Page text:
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Colima Seated Shaman Figure - Scalloped Collar & Horn

Pre-Columbian, West Mexico, Colima, ca. 300 BCE to 300 CE. An enormous and exquisite redware terracotta anthropomorphic sculpture representing a seated shaman, his posture indicative of meditative contemplation. His highly-burnished body exhibits gently bent, outstretched legs, elongated arms which fall beside his wide torso, with hands lightly resting upon his knees. A classic shaman’s horn on his forehead is secured by a red-orange strap, adorned with dozens of miniscule incised spots, which wraps around his chin and the top of his head. A similarly-spotted incised sash wraps around his waist, perhaps representative of a jaguar pelt, and his broad neck is girded with a scalloped and splayed seven-petaled collar. The serene visage, comprised of a prominent nose, slight-parted mouth, and impassive eyes, suggests his mental faculties are engaged in a trance-like state. Embellished in citrine- and ruby-hued slip, this is a magnificent figure awash with personality and marvelous attention to detail. Size: 9" W x 15.875" H (22.9 cm x 40.3 cm).

Colima, located on Mexico's southwestern coast, was during this time part of the shaft tomb culture, along with neighbors to the north in Jalisco and Nayarit. In this culture, the dead were buried down shafts - 3 to 20 meters deep - that were dug vertically or near vertically through the volcanic tuff that makes up the geology of the region. The base of the shaft would open into one or more horizontal chambers with a low ceiling. These shafts were almost always dug beneath a dwelling, probably a family home, and seem to have been used as family mausoleums, housing the remains of many related individuals. This is a figure made to be placed inside those mausoleums, perhaps to mediate between the worlds of the living and the dead.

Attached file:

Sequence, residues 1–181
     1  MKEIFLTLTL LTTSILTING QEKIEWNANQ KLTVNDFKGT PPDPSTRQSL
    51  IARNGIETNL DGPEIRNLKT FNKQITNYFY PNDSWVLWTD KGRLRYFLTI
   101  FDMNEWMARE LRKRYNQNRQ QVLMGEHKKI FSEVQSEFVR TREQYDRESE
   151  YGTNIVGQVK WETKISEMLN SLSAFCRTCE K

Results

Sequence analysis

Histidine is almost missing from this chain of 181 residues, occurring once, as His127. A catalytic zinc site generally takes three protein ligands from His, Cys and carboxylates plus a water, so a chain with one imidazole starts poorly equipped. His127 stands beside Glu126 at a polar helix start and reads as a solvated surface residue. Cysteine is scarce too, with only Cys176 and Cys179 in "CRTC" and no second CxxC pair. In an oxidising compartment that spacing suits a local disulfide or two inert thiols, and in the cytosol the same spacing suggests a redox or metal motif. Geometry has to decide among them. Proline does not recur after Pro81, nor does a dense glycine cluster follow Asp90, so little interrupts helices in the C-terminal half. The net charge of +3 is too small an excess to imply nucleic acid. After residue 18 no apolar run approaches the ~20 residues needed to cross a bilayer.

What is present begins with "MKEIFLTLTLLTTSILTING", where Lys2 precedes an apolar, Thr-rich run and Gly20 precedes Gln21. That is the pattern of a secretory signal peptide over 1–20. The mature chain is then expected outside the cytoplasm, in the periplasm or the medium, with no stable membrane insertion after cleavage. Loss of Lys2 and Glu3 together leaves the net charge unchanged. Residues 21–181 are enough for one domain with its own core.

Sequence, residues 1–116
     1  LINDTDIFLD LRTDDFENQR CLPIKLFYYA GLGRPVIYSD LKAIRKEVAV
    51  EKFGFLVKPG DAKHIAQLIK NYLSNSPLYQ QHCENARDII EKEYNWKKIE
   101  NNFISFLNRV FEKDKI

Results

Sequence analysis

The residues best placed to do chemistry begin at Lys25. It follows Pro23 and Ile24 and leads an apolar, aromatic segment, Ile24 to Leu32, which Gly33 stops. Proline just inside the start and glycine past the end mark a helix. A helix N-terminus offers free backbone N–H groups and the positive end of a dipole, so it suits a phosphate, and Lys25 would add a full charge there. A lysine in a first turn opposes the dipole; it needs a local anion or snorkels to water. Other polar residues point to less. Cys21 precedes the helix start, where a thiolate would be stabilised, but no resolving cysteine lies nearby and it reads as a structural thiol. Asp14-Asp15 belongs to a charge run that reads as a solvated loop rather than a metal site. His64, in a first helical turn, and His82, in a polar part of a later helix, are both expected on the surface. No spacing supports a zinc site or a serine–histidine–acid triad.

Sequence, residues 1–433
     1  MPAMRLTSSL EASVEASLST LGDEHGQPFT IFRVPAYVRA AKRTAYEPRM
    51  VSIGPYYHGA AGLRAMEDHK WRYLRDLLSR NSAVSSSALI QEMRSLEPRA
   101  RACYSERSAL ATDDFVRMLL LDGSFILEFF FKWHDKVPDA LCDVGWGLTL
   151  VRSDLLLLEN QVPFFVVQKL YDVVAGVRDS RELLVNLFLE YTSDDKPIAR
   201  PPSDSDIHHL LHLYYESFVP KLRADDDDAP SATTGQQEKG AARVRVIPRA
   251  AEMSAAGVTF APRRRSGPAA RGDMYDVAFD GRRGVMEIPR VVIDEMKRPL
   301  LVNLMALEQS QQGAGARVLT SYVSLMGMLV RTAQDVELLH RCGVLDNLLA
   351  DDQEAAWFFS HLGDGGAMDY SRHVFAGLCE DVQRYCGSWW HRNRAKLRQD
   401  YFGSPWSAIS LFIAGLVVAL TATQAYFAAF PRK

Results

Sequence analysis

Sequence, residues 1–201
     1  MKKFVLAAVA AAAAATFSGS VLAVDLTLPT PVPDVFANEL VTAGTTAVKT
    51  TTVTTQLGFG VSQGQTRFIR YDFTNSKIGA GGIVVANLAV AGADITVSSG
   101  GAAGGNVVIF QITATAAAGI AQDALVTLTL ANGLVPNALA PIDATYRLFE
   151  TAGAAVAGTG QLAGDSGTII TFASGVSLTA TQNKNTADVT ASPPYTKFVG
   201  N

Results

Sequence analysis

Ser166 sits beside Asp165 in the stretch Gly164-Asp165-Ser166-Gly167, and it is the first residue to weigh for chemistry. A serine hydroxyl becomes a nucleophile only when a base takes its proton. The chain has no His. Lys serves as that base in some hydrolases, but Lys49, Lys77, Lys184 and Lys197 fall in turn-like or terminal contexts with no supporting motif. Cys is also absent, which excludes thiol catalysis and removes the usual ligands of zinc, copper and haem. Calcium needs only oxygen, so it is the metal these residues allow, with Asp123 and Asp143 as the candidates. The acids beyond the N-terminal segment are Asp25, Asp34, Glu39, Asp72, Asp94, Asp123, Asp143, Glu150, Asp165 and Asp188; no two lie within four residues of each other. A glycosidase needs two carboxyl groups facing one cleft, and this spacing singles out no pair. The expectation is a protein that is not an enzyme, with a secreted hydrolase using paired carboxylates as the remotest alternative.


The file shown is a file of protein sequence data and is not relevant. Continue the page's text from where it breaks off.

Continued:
What is the meaning of this particular fabulous figure? Much of the religious practice of this culture and others in Mesoamerica involved shamans/priests entering an altered state, often through the use of strong alcohol or hallucinogenic substances. The blank eyes and skyward-tilted head of the figure suggest that this is a depiction of a religious trance, and the jaguar pelt around his waist may be representative of elevated societal status as only those with ample wealth and influence could afford such luxuries. The jaguar symbolized power and might throughout the Pre-Columbian world. Warriors, rulers, hunters, and shamans alike associated themselves with this king of beasts, the largest and most powerful feline in the New World. A nocturnal animal, the jaguar sleeps in caves and dark places and creeps quietly in the forest, evoking great mystery.

Condition: Horn, top of head, upper face, and nose repaired with light resurfacing, overpainting, and minor chips along break lines. Majority of spout restored with resurfacing and overpainting along break lines. Expected age-commensurate surface wear, with small nicks and chips to mouth, ears, collar petals, nose, and spout. Fading and minor fire-clouding to pigmentation, with light areas of roughness to feet and base, otherwise excellent. Wonderful earthen deposits and manganese blooms throughout.

Provenance: private Pacific Palisades, California, USA collection; ex-Chang-Ley collection, acquired in 1940s

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